We played some games and I chatted with her mom. They asked to see pictures of my family and then we had homemade chopchae and mandu for lunch. It was a beautiful day in Bundang, so we headed to Central Park. While her mom and I chatted, Yura asked questions about my family, told me about her new school (she hates it), and asked me multiple times to race. She showed me the traditional Korean Village at the park and then we played "Korean Photo Shoot" and a rousing game of "I Spy." And then I thought it was time to head home. The Han's weren't finished with me yet. Mrs. Han offered to cook me my favorite Korean food, chamchi kimchi bokumbap, and the chance to watch the movie August Rush, one of her favorites. How could I say no?!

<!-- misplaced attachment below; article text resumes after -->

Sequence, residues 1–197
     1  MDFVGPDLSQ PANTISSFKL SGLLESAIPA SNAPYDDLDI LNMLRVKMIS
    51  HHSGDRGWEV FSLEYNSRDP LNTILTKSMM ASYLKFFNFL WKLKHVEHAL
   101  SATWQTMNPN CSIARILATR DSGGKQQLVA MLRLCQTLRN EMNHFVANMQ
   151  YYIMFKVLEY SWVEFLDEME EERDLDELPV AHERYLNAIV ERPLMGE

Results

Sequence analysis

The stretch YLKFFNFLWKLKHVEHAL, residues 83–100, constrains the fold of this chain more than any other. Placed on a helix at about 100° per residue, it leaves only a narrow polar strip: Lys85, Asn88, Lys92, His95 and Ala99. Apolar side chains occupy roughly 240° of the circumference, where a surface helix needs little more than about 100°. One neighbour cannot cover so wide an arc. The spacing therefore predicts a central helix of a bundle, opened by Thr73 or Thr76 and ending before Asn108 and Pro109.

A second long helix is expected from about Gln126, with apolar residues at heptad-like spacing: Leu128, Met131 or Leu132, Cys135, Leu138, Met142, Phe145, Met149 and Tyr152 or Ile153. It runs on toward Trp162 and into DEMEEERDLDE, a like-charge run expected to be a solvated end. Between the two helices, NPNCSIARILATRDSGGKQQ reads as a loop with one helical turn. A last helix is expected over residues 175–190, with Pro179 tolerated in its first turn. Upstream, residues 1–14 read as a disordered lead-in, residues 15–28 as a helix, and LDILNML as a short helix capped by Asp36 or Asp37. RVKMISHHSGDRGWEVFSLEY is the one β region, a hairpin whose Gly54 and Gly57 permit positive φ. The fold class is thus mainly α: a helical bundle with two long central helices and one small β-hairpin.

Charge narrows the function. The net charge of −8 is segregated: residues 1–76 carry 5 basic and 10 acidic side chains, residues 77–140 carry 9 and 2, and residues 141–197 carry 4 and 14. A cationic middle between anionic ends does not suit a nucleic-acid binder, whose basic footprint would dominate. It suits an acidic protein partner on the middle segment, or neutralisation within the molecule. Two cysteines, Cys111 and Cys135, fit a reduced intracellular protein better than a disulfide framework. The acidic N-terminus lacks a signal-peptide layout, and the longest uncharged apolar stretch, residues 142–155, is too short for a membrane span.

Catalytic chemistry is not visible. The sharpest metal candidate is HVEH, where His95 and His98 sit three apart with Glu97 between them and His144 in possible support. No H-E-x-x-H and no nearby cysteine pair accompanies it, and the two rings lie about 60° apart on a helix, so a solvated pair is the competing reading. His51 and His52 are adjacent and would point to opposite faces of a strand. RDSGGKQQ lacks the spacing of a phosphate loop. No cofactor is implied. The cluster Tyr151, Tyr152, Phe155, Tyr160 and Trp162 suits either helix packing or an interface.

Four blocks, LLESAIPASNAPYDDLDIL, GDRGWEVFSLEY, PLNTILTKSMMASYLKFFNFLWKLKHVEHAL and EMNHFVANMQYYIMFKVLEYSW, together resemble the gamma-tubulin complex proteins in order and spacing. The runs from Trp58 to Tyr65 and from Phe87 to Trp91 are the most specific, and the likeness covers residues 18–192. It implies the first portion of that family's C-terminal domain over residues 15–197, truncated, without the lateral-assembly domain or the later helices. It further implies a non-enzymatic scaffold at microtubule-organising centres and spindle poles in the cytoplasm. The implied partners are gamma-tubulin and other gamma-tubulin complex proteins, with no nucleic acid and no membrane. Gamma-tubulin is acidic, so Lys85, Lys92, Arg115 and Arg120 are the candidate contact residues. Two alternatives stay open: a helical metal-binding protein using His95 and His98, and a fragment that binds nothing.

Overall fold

Yura and me playing games.

Yura found that noisemaker on the ground. It occupied her for a good hour.

The Hans.

My Favorite Korean.

After dinner and a movie, we were all exhausted. The three of them walked me to the subway and Yura invited me to her birthday in a few weeks. I was elated. And that was how I spent my Chuseok Eve.